“We appreciate and welcome your concluding that the United States is such a safe haven because we appreciate your investment in U.S. treasuries,” Biden told then Chinese Premier Wen Jiabao in Beijing. “And very sincerely, I want to make clear that you have nothing to worry about in terms of their — their viability.”

Well, that was back in the good old days when interest on the debt was $230 billion and the gross federal debt was $14.5 trillion. Today, the gross debt has more than doubled and annual interest on the debt costs five times what it did just 12 years ago.

One can only imagine the sorts of favors the Biden administration will have to sell to China along with those Treasury auctions. Given that roughly one-third of our gross debt is set to mature next year, the size of Treasury auctions in 2024 is slated to be 23% larger than this year. According to the CBO, outlays for the first two months of this fiscal year are already outpacing last year’s record numbers by 17%.

This is the dirty little secret on how the Federal Reserve lost control over the economy. The Fed can no longer rely on tinkering with the federal funds rates to thread the needle between economic growth and inflation.

Despite the drop in oil prices — which is due primarily to decreased demand stemming from an economic slowdown — prices generally have not fallen. High prices are here to stay as long as the Fed continues to print money — and print it must.

Not just a federal balance sheet problem

The average home mortgage payment is now $3,322, nearly twice what it was when Biden took office. Default on credit card loans from small lenders is now at 7.51%, higher than during the 2008 financial crisis or even COVID.

The Fed might be celebrating that prices are not rising as quickly as before, but it is astounding how vital consumer prices are maintaining record high levels given that oil prices have plummeted. The November CPI report still showed certain vital services surging above headline numbers:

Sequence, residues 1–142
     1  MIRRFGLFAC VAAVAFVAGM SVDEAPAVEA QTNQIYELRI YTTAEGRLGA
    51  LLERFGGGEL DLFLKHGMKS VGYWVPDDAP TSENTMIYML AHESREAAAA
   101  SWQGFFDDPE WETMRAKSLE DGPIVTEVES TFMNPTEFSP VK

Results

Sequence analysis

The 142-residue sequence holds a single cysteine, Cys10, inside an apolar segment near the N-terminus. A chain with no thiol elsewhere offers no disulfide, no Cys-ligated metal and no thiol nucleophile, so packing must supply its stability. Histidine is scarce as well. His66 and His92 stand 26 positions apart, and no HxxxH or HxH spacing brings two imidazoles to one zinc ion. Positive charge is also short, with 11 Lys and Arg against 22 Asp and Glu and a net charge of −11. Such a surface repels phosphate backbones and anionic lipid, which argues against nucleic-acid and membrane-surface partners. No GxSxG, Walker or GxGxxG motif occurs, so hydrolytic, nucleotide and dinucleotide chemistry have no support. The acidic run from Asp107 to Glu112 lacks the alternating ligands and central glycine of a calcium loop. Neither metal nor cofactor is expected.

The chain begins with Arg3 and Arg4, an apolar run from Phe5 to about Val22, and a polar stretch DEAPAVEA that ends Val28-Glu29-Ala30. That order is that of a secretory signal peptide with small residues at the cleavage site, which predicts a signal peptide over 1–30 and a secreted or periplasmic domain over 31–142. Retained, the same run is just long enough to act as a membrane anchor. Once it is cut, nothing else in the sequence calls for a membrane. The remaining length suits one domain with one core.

• Car insurance +19.2%
  • Transportation +10.1%
  • Car repairs +8.5%
  • Rent +6.9%
  • Homes +6.7%
  • Food away from home +5.3%
  • Electricity +3.4%

As a result of the consumer strain from the past two years, Americans are broke. Fidelity, the largest holder of 401(K) funds, reports that Americans have been increasingly tapping into their retirement accounts to afford living expenses. The percentage of account holders who took a “hardship withdrawal” from their 401(K)s in 2023 was 2.3%, up from 1.8% last year. The number of Americans taking loans from retirement accounts also rose from 2.4% to 2.8% during the third quarter of this year.

Biting inflation along with the drop in the stock market have depleted the savings and assets of most Americans. According to a recent Federal Reserve report, household net worth fell by $1.3 trillion from July to September. The only time we typically see net worth going backward is during a recession.

And this is the conundrum in which the debt crisis has placed the average American consumer. Endless debt servicing will create long-term sticky price elevation with the only escape being a severe recession. So pick your poison: inflation or recession.

This is no longer about greed and apathy toward the next generation. The continued growth of government is suicide for this generation. The deluge is upon us now.